Here are some of my favorite performances.  I hope Pharrell and creators We Are From LA will forgive me this use of these materials.  (Before they object, I would ask that they keep in mind that Nardwaur sent me.)  Also, if the people pictured happen to see this post, I hope they get in touch so that I can name them.

Look for these designations: Eeriest imitation, best dancing, most beautiful woman, scariest handbag, etc.  Slide 18 is for me the  splendid moment.  Two girls swaying in a car.  Perfect.

Ember Ember Ember Ember Ember Ember Ember Ember Ember Ember Ember Ember Ember Ember Ember Ember Ember Ember Ember Ember Ember

























































I think why this video works so well is that it reverses the polarity of popular culture and the present craze for “real people.”  Too often, the real people are forced-marched into the video, there to Karaoke as best they can.  But in the Happy case, the song goes to them.   These real people are not conscripted.  The “press” runs the other way.

One measure of success: there are celebrities in this video (Jamie Foxx, Steve Carrell, Kelly Osbourne) but they do not matter to the video very much, and almost feel a little additional, as if horning in.  As in, “who invited you?”  Kelly Osbourne is perhaps the exception.  I’ve always thought of her as someone who was merely famous for being famous, but with that weird “air square” she does something somehow sublime and redeems herself.  Less a celebrity and now interesting.  This video has something that is capable of rescuing celebrities from their celebrity.  And that’s saying something.

There were ideas at work here.  Here’s a passage from a wonderful piece in FastCo by Mary Kaye Shilling.

Those chosen by audition had the advantage of getting the song in advance, allowing them to rehearse their moves. But on the day itself, everyone got just one take, including Pharrell. “That’s what accounts for the charm,” says [iamOther VP Mimi] Valdes. “Everyone knew they had one shot–this was their moment to go all out, and we love that.”

“The video’s imperfections, the funny bloopers and mess-ups, are what give it character,” says Pharrell, whose own performances alternated between what he calls “semi-choreographed” (see the bowling alley at 11:00 p.m.) and improvisation. “I’m not interested in perfection. It’s boring. Some of my favorite moments are accidental.”

Lots of meaning makers in the present day continue to have what we might call a “sound stage” mentality.  They manhandle reality for our larger cultural purposes.  But I think this Happy video makes it clear that the more sensible, indeed, the necessary strategy is to let the brand out into the world, there to take on the content, color, and sheer propulsive force of what happens there.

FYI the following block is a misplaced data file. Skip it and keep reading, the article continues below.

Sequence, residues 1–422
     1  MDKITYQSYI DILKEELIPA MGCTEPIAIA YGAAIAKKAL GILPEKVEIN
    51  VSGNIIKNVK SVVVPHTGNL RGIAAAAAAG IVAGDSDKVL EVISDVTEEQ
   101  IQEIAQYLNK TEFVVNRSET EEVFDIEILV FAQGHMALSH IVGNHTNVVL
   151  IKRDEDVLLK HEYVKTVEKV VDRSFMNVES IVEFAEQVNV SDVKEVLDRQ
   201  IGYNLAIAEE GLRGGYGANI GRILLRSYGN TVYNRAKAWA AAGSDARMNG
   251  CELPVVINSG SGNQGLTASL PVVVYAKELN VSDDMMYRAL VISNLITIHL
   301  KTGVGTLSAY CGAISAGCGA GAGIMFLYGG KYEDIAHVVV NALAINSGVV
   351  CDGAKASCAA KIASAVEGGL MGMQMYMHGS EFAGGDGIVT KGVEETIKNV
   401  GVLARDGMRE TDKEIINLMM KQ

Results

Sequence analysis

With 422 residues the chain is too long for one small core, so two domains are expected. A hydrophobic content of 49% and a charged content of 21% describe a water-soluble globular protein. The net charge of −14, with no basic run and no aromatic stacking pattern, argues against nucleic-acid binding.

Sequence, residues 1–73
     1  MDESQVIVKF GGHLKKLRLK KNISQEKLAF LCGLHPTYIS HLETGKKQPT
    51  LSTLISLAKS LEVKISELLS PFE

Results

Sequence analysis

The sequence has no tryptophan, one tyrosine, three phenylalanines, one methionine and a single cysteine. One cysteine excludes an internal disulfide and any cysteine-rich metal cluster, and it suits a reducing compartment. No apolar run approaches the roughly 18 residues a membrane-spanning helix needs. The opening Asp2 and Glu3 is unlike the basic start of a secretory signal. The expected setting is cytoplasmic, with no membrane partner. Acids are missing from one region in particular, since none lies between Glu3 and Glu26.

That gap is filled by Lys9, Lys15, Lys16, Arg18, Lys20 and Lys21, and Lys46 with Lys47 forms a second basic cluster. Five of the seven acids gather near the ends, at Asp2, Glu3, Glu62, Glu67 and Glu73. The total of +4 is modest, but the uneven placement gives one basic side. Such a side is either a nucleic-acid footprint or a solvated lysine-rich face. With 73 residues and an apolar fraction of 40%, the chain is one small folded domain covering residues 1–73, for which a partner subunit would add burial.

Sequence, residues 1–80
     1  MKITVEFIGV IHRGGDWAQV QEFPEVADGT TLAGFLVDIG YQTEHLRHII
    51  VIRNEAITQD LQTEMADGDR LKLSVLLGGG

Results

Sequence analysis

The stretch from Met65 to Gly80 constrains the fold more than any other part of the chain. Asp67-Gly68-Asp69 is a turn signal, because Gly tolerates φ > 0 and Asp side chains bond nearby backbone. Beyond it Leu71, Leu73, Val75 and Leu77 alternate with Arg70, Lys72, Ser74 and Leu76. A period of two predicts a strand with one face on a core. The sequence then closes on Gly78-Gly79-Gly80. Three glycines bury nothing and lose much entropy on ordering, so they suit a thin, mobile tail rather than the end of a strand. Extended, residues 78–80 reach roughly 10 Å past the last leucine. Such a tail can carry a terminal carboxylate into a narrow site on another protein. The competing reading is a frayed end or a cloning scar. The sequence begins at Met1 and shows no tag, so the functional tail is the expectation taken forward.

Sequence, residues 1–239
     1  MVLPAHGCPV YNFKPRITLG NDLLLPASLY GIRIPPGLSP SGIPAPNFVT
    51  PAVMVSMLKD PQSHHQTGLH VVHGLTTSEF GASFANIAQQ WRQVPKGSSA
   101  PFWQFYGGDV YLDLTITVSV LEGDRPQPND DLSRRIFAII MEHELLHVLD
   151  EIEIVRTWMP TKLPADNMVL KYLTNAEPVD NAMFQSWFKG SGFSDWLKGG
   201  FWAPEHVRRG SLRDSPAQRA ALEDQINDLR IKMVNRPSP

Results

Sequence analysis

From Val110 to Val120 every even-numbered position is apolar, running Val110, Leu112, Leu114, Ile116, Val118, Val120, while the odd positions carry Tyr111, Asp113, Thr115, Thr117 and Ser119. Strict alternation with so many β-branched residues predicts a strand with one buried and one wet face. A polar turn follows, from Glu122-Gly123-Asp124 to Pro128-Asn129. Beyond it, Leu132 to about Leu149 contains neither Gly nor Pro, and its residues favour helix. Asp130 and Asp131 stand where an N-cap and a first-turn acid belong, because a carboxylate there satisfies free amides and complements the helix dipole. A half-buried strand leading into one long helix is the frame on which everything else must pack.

Hat’s off to the following creatives:

Jett Steiger, Jon Beattie, Alexis Zabe, Mimi Valdez, Clement Durou, Pierre Dupaquier, Pharrell, WAFLA, Iconoclast, and iamOther

Build your own Culturematic. (I did.)

Imagine hitting “generate” and getting:

Mos Def and Tina Fey

This is your output from a Culturematic machine.  

The machine does something really simple. It selects two names from a list at random.

The point of the exercise?  Practically, this Culturematic machine could be used for making culture, specifically, casting movies and TV shows. Formally, it can be used for exploring our culture.  

I have run my Culturematic many times now, and some of the outputs are not interesting.  

Bill Clinton and Barbara Walters

This isn’t especially interesting because we can so easily imagine one interviewing the other. 

Glenn Beck and Rush Limbaugh

This is not interesting, because, well, you know.  They come from the same part of the world.

Madonna and Lady Gaga.


It’s when the Culturematic brings together far-flung worlds that our interest is piqued.  (At least mine is.  I realize that I am working off my own idiosyncratic reactions here.)

Mos Def and Tina Fey

This is interesting.  I can think about Mos Def.  And I can think about Tina Fey.  Thinking about them at the same time is difficult…and therefore interesting.  

It is precisely because they are far flung creatures that we would not normally think to bring them together.  

That’s what the Culturematic is for.  Because it’s a machine, it doesn’t know from culture. It’s happy to make combinations we wouldn’t think of.   And that’s what makes it valuable: for casting and for exploration.  (“Date Night” starring Tina Fey and Steve Carell was interesting. Replace Steve Carell with Mos Def and interesting becomes interestinger.)

Version 2

In this version, the Culturematic takes two names and combines them with a phrase.  Here are some of the outputs I have got from my Culturematic:

Lady Gaga and Glenn Beck struggle to establish a parent-child dynamic.

Pink and Richard Branson, working on new concepts of civil society.

Christopher Hitchens and Graydon Carter, looking for triumph in all the wrong places.

This is interesting for another reason.  It forces us to take our cultural knowledge (celebrities are particularly useful cultural knowledge: shared, vivid, and well distributed) and use it in new ways.  We struggle to think about how Lady Gaga and Glenn Beck could have any relationship, let alone a parent-child one.  

Ok, I have run out of time.  Tomorrow, I will give you the logic and the code for my Culturematic.  (Wait till you see how I wired it together.  It’s a real mess.)  I’m hoping you will want to build one too.  (Because I know that you can do a better job.)  


Thanks for the University of Chicago writing laboratory for their precedent.  Full details tomorrow. 

Charlie Sheen and why some celebrities act all crazy and everything

Ain’t no going back.  You can’t get unfamous.  You can get infamous.  But you can’t get unfamous.  Dave Chappelle

I was reading the Entertainment Weekly coverage of Charlie Sheen, and thinking about how many stars flame out.  The head shaving, the shop lifting, the outbursts, the throwing things, the ranting and raving.

There must be as many reasons for this behavior as there are celebrities.  But what if there’s a secret motive?

Maybe some of these people want to stop being famous.  

It’s hard for the non-famous to imagine this. Wealth, glamor, adulation, media coverage. What’s not to like?  

But of course the costs are high.  You give up your privacy.  You give up amiable for adulation. You take on a team that must be fed, a lifestyle that must be maintained.  But the real cost might be: you can’t leave.  Fate has claimed you.  You have lost your mobility.  You can’t go home again.  Actually, you can’t even leave the house.